To ease the pull on my kite I rode straight down the beach looking to get to the takeout point as soon as possible. Getting to the takeout and with my kite fully loaded, I was the first out of the water. Normally I can find a place in the sand dunes where a wind shadow will be. This is where I can safely park my kite. The dunes on this end of the beach were vertical and did not offer any wind shadow options. With my kite fully lit and flying straight overhead, I walked up the top of the dunes to find a place to land. I got the top of the dunes only to realize I was on a ridge with another vertical drop on the backside. It was all I could do to pull my kite back towards the ocean and scramble back down the dunes.
On this day I was lucky to have one of my kiting buddies grab my kite and in turn I grabbed his. Always kite with a friend and at Florence be ready for quickly increasing winds. Thanks Laird for the kite grab.
Musicians call it "finding the groove" and it happens when all instruments are played with the same count that the beat falls on. It just sounds right when the rhythm is right.
Waves are created by wind over the water and as swells are created they fall into a rhythm over the ocean. Many times in my years of surfing I have found myself out of sync with the rhythm of the surf. When this happens I find myself constantly out of position. Either I am in the wrong spot, or late to take off, or too far back to make the wave. It feels if nothing is working right.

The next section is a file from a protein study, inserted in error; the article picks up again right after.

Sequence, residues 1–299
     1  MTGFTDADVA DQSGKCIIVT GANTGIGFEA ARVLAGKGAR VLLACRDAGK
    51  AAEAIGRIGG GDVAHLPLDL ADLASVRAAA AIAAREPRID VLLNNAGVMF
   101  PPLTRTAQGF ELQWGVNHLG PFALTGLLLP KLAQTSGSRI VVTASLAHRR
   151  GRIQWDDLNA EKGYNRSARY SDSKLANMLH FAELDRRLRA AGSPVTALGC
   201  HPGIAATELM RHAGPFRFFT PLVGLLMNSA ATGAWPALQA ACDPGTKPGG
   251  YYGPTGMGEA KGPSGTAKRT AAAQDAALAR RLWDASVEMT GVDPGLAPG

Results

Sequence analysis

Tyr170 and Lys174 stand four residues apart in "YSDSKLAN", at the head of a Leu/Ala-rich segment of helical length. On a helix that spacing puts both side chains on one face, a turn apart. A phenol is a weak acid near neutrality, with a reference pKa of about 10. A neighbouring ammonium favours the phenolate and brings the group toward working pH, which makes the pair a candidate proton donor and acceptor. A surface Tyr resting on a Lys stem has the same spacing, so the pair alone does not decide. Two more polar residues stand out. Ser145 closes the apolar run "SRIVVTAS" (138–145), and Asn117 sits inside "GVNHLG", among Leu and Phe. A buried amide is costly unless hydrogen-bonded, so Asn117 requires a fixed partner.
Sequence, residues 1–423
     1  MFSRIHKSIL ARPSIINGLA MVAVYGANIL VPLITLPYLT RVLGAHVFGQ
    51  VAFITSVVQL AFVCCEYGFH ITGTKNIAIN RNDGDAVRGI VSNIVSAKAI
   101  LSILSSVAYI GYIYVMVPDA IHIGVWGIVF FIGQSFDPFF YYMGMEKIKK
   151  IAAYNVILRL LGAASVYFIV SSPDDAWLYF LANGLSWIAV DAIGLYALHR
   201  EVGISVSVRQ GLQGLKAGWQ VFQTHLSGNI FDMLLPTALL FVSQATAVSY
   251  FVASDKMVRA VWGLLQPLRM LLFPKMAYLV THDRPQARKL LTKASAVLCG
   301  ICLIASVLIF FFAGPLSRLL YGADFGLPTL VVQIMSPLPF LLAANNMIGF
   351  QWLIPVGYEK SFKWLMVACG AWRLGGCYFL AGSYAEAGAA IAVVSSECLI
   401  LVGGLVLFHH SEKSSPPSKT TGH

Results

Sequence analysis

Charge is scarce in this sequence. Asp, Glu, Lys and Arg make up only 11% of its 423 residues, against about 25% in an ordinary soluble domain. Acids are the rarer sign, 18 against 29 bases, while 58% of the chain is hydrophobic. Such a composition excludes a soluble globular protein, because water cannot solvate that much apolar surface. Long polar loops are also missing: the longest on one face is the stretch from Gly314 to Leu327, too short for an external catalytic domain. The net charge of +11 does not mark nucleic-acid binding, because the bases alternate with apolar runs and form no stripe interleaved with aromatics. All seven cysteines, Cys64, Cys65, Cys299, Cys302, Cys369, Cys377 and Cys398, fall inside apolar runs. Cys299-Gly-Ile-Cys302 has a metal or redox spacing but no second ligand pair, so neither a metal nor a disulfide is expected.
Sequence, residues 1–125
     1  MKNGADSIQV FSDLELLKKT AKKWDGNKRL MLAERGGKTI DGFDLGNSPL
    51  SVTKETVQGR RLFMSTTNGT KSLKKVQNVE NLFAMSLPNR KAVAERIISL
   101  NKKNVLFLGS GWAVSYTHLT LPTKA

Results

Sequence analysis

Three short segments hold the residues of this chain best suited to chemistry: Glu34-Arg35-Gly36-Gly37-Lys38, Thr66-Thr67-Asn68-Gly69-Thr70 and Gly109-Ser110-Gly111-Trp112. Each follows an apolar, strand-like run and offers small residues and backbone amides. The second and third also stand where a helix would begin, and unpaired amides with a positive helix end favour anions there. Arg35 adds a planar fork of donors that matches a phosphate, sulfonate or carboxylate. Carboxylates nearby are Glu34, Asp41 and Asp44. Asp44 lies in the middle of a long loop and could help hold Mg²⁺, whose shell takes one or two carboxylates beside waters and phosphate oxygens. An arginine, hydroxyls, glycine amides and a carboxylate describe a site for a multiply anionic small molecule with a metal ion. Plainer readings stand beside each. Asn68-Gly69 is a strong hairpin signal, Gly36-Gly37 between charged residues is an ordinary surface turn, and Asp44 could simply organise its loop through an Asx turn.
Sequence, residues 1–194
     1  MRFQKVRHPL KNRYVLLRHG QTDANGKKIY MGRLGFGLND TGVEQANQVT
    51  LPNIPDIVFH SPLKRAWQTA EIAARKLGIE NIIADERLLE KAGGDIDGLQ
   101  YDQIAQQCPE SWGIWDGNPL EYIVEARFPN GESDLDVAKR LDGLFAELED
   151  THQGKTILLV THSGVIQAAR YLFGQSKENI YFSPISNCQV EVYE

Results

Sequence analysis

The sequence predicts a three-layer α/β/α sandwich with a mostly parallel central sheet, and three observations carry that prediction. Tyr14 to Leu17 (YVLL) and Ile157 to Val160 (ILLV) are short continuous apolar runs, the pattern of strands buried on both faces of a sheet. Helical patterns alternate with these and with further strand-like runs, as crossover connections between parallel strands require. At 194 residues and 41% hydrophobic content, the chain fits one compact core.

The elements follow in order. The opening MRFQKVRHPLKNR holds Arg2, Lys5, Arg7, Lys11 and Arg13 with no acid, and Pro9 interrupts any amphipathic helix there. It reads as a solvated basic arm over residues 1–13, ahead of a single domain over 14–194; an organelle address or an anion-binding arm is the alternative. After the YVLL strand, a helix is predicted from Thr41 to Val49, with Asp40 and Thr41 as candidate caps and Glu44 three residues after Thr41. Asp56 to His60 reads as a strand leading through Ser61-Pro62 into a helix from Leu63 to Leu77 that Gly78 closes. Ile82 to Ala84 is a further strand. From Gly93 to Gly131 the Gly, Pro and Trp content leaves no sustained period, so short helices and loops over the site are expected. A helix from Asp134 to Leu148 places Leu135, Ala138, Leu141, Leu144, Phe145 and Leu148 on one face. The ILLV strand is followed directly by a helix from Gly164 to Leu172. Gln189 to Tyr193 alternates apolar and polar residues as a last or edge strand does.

When I realize this is happening, I try and change my attitude or approach to find the oceans rhythm. I might paddle to the inside and try and ride the smaller waves, I might try and change my attitude, or I might just paddle down the beach to find some space.
Today I found myself out of rhythm while SUP surfing. Realizing this, I paddled outside the lineup to get a better look at a pod of dolphins. I paddled within a few feet of the dolphins that stayed with me for an extended time before moving off. For a time we were eye to eye.
As I paddled back in, I pulled into the wave-of-the-day and for the rest of my session I was back in rhythm with the surf.
Don't fight it...find it.
On the far end of a remote no-named beach break in Oregon, I noticed a blown-out wave rolling over a sandbar. I got up early the next morning, planning to SUP surf it before the wind arrived. Pulling into the parking area, I noticed another SUP surfer already out and getting some fun but small waves. Crossing the beach with SUP and paddle, I trailed a surfer with a longboard. As the surfer got to the water, he turned and looked my way for an extended period. Without my glasses I could not see his face, but I got the feeling he might have been giving me the "stink eye". How could this be? This was not a named surf spot, only three of us were planning to surf, and there were plenty of waves for everybody.
As I paddled out the longboarder turned my way and started calling out. I paddled closer to better understand what he was saying only to hear..."dude no SUPs...you know the deal...you read the blogs". I could not believe it. I was blown away that he was heckling me over a small no-named beach break, with only three people out, on a beautiful windless sunny morning. This was ridiculous.
I grew up surfing, and know surfing right-of-way rules. I realize that SUP surfers have an advantage in catching waves. This is the same advantage longboarders had over me growing up as a kid riding shortboards. Knowing this, I give up waves to surfers, and stay clear of crowds.
I took the heckling for a while and tried to remain calm, but in the end I simply replied, "SUPs, longboards, shortboards, bodyboards...it's all just surfing. You can have all the waves you paddle for...but I plan to ride a few as well"